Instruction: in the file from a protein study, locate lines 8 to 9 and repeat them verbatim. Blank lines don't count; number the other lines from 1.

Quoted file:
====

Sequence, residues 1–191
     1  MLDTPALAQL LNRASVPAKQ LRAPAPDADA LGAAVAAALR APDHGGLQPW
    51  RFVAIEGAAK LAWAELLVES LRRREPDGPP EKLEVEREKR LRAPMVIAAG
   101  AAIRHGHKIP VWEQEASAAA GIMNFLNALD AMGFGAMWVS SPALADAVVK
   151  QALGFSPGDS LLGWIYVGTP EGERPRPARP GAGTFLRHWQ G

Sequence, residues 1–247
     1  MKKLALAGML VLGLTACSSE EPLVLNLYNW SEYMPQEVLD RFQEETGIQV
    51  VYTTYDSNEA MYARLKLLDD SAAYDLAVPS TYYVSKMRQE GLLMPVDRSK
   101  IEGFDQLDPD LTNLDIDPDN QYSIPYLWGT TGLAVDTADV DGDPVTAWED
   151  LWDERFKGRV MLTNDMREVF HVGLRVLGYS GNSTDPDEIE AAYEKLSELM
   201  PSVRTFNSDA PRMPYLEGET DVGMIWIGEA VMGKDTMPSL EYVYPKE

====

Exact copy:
    51  VYTTYDSNEA MYARLKLLDD SAAYDLAVPS TYYVSKMRQE GLLMPVDRSK
   101  IEGFDQLDPD LTNLDIDPDN QYSIPYLWGT TGLAVDTADV DGDPVTAWED